Day laborers, immigrant community start rolling fast as deportations continue at 1,100+ each day

05.01.2013 – Mountain View, CA

Maria Marroquin, director of the Mountain View Day Worker Center, and several others plan to abstain
from eating for the next eleven days, one day for each millions of undocumented people in the US
seeking political equality through immigration reform.

Published in Comunicados de prensa

Introduction Poses Test for President

 

Los Angeles, CA - 04.17.2013
In response to the introduction of the Senate 'Gang of 8' immigration reform bill, Pablo Alvarado, Executive Director of the National Day Laborer Organizing Network issued the following statement:  

"President Obama should seize the opportunity presented today by immediately suspending deportations, at a bare minimum for all those who would be included in the bill's legalization provisions.  While it is necessary to study the bill before passing judgment on its contents, one thing remains clear:  the President's own deportation quota policy is the biggest roadblock on the path to citizenship.  He must take steps immediately to end the removal and criminalization of would-be citizens. 

Millions of immigrants have walked a long road to get to this point, and the power we have all built as a movement has forced immigration reform onto the national agenda and created a mandate for equality.  As the bill moves forward, we will continue to fight to make sure our labor and civil rights are fully respected."    

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Published in Comunicados de prensa

(Los Angeles) Today, advocates in California made public hundreds of emails between federal Immigration and Customs Enforcement (ICE) and California officials regarding the “activation” of California’s cities and counties in ICE’s controversial “Secure Communities” (S-Comm) program, which ensnares local police in federal immigration enforcement efforts. The documents were obtained by the National Day Laborer Organization, the Center for Constitutional Rights, and the Cardozo Immigrant Justice Clinic through Freedom of Information Act litigation.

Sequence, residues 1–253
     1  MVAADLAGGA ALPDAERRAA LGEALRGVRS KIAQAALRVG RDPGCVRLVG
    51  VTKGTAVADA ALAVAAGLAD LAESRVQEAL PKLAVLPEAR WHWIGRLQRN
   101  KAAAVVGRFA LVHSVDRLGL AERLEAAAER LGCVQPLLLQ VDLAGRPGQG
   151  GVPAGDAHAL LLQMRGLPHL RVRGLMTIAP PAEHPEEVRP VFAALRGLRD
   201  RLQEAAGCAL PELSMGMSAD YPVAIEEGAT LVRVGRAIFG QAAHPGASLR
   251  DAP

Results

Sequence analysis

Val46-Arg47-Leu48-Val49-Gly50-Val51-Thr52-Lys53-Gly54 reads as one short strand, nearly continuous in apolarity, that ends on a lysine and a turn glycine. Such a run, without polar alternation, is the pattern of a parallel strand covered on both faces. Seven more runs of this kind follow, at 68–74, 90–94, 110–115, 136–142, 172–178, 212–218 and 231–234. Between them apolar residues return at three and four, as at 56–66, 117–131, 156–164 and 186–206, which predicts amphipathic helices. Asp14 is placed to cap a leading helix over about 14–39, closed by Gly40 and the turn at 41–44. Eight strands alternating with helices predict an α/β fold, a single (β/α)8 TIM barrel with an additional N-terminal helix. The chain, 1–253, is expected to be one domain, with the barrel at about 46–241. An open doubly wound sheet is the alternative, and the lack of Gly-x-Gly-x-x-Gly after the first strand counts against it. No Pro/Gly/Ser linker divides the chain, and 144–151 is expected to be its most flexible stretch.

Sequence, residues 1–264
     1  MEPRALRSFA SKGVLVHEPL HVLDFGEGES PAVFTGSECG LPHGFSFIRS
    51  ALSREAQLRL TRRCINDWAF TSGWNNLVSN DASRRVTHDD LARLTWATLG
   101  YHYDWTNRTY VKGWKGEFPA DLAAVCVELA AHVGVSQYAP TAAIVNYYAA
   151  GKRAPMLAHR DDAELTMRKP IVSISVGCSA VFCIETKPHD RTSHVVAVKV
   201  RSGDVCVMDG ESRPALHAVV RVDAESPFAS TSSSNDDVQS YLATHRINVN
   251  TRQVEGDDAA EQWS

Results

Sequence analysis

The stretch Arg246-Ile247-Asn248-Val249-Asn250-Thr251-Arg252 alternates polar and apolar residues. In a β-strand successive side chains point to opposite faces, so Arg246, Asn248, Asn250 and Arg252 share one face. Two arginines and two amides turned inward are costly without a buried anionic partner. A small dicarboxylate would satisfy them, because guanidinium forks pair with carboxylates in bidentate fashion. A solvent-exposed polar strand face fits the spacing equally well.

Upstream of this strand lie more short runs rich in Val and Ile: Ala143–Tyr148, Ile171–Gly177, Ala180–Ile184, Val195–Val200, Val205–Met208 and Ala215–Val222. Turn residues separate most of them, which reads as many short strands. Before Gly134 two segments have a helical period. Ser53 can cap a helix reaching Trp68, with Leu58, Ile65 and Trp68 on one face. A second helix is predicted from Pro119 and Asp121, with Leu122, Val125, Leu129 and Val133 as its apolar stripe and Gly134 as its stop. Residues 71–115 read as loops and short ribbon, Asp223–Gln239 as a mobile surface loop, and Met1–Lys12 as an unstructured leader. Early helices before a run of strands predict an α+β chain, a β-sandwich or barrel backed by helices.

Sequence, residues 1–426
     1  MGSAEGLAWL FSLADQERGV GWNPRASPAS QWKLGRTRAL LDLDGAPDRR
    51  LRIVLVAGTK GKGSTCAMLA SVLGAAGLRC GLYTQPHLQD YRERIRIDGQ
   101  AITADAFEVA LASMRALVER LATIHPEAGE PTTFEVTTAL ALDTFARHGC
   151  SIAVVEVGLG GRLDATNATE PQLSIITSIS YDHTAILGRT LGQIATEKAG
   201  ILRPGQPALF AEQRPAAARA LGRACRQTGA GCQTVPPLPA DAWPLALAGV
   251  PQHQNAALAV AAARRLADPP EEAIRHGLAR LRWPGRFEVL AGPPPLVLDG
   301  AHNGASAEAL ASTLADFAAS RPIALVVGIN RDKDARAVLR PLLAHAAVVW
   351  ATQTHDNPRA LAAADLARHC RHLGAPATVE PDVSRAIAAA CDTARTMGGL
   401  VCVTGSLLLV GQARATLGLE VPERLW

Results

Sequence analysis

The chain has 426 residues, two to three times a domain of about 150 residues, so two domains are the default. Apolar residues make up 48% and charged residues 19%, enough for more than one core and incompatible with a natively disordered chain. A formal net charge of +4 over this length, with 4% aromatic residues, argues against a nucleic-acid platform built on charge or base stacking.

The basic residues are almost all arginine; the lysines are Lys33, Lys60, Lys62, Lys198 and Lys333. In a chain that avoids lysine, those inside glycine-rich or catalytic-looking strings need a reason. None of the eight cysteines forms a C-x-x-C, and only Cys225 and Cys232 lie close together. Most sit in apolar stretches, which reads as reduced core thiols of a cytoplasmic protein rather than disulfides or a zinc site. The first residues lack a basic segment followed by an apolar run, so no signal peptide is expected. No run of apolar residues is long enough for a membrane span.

The emails reveal a federal agency in state of disarray, and a chorus of questions and complaints from California cities and counties wary of thrusting their police into the role of immigration enforcers.
“The domino effect is starting,” wrote an unidentified ICE official on May 25, 2010.(1) Questions about S-Comm were rolling in after strong opposition from San Francisco and Santa Clara County. Marin County’s Juvenile Probation Office was “quite agitated about [S-Comm] being ‘forced’ on them.”(2) San Mateo and Riverside County were requesting clarification on how they could opt-out of the program.(3) Sonoma County representatives were “upset” about receiving misleading information from ICE.(4) The ICE official frantically sought “messaging that can help . . . keep them on board.”(5)
“The ‘messaging’ ICE settled on, the emails show, centered on deliberately misleading California officials – from county sheriffs to Congressional representatives – about S-Comm’s voluntary nature, and about what ‘opting out’ of the program entailed,” explains Chris Newman, Legal Director of the National Day Laborer Organizing Network. Information provided to Santa Clara County in May 2010 was approved over the phone, rather than in writing, to “give[] them plausible deniability if this Santa Clara thing goes south.”(6) Top-level ICE officers provided vastly different definitions of opt out to concerned California officials, some of which were purposely crafted to be misleading.(7) An FBI employee observing the process noted, “It amazes me that we are all in the same room and he thinks this [opt out messaging] is consistent.”(8)